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Friday, May 25, 2012

Hatred - Envy, Greed and Anger - Part 2

Another aspect of Envy, the hatred of others, is Greed.  Greed is different from Gluttony, though both share the common element of reliance on material things.

Whereas Gluttony consumes the object of desire, Greed is a 'hoarder.'  It holds onto what it has, and seeks more and more.  Greed derives comfort from 'having' rather than 'using.'

It can manifest in many different ways, and can sometimes be confused with natural tendencies to save and plan ahead.  However, Greed can only be truly discerned when someone is asked to share or get rid of something.  If the greedy person is asked to share, he will lash out with fearful anger.  He is afraid of his inadequacies, and sees the world as having many things that he wants but cannot get.  So, he holds onto what he has.

The true hatred of Greed comes out when people have genuine needs, and yet the greedy person still will not share.  He may have millions of dollars, but will not  part with one of them when others are starving and desperate.

Think of the pre-reformed Ebenezer Scrooge in A Christmas Carol (

The greedy man hates his neighbor, weighed down by his memories of what he lost in the past and his resentments.  It is not a delight in what he has, but a torment in how much more he needs.  He enjoys the moment of acquisition, only to quickly crave more.

Those things he acquires he cannot 'risk' in using, and so he stores them away, even with utter neglect, because his obsession moves from having to wanting to have more.  Our greed will also leave us susceptible to 'get-rich-quick-schemes' that promise even more than what we already have.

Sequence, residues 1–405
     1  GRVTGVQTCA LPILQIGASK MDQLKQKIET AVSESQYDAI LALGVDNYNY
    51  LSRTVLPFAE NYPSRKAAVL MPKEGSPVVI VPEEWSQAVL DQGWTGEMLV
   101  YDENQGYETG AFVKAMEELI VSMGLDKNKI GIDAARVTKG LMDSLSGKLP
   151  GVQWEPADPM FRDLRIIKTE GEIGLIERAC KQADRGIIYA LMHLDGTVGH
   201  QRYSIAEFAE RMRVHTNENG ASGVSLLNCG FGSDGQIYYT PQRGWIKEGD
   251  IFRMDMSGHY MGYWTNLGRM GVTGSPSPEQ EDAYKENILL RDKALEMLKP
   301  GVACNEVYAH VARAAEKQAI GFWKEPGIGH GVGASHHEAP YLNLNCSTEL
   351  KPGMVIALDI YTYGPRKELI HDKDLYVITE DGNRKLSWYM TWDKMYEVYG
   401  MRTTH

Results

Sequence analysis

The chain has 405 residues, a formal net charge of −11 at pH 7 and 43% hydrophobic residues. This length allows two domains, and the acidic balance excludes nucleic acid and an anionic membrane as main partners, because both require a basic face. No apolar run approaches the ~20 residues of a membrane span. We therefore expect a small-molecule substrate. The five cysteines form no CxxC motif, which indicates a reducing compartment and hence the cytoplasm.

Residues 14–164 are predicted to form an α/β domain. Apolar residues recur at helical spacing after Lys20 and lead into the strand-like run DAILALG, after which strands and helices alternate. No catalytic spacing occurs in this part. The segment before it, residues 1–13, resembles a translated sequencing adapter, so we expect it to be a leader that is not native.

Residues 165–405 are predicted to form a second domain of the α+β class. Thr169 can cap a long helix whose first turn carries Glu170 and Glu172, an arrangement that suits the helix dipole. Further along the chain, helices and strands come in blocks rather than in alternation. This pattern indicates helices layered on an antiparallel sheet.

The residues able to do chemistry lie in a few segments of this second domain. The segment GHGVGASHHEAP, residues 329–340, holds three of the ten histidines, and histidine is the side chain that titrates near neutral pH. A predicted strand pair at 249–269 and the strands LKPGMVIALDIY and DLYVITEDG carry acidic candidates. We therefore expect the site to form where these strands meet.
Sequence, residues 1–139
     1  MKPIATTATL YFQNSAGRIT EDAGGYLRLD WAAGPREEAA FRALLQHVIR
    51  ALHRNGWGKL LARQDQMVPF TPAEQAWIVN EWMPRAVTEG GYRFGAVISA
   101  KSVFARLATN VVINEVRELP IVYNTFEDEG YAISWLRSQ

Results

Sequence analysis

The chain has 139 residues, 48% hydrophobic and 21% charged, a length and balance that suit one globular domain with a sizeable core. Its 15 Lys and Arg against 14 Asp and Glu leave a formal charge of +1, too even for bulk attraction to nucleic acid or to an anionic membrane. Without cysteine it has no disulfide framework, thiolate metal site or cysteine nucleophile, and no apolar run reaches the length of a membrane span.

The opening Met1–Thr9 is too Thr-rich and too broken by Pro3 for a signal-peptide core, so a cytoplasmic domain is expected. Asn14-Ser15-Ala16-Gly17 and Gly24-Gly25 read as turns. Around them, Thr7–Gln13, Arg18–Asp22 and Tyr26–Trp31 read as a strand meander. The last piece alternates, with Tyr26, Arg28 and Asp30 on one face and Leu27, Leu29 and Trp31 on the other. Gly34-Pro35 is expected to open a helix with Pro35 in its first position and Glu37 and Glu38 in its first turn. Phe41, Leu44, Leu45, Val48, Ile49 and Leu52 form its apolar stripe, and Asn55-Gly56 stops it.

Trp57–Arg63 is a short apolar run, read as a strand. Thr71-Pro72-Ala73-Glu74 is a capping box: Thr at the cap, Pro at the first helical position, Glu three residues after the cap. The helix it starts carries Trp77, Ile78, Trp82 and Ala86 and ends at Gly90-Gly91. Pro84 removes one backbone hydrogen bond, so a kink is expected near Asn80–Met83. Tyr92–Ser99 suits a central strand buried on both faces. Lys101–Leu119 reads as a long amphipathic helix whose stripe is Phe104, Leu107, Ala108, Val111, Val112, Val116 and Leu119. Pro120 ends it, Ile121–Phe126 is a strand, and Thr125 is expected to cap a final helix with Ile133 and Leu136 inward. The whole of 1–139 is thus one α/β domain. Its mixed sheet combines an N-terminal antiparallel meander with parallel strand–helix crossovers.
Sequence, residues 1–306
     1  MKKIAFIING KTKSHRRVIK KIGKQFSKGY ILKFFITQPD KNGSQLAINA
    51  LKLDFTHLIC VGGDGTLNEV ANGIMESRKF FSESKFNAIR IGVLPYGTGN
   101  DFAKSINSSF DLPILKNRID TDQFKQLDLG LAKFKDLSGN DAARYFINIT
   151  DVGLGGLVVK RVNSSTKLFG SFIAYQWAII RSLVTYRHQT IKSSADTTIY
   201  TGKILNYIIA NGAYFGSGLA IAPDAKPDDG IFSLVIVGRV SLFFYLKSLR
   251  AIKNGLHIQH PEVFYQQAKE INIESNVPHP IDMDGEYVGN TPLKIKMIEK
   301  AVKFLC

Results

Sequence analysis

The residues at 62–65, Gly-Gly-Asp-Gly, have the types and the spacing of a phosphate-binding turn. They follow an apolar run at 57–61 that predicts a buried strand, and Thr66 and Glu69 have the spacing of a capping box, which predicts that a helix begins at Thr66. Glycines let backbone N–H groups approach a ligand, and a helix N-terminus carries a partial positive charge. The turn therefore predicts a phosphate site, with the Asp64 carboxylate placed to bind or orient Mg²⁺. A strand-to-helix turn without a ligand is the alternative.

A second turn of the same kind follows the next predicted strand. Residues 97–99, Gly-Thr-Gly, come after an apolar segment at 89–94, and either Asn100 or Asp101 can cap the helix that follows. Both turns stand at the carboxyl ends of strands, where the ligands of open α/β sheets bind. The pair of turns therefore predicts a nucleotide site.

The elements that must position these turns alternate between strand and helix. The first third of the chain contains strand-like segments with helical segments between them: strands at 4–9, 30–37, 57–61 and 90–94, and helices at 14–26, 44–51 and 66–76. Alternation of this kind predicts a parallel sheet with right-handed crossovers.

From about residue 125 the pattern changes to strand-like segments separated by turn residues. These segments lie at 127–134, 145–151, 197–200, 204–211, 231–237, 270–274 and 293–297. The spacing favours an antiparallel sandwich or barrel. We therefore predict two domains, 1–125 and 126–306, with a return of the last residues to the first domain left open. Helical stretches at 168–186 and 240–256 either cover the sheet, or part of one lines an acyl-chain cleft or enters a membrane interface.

Greed is a terrible prison, because we see the needs of others and reject them in favor of dwelling on our own neediness.  We are always hungry for more, yet never satisfied.

It also assumes that we have absolute control over our things.  Greed tells us that something is MINE.  It tells us that ownership is absolute, and that ownership only comes through self-will and determination to acquire.  There is no gratitude, and it certainly does not take into account that what we have comes from God.  Greed has no god at all except its hunger for more.

Greed can often become an addiction, yet it is often ignored or excused as someone being 'thrifty' or 'frugal.'  The difference can be seen in the attitude towards giving: the greedy person will become angry when he must part with his money or things, whereas the frugal person will be glad he was clever enough to put something away to have it at just the right time.

Greed is one of the great struggles for the Christian, which is why Jesus Christ admonishes those who follow Him to be generous and not obsess about material possessions.  He does not tell people to live frivolously, yet He also warns men not to stockpile thinking that live is only about acquiring things.

Churches are often roiled in conflict with people struggling through their own Greed.  Many Christians will carefully examine their financial situation to determine what is the least amount of money they must donate to meet the minimum requirements of other people's expectations, or perhaps even God.  In most cases, God does not factor in because our Greed tells us that we are far more needy than our neighbors, and God has done very little to help us.  Someone else who is less needy ought to provide more.

So, Envy's hateful eye casts about on its neighbors and sees their good, while Greed sees that good as both something desired and a good enough reason not to part with anything.  In the face of genuine need, Greed will let someone die on the doorsteps.


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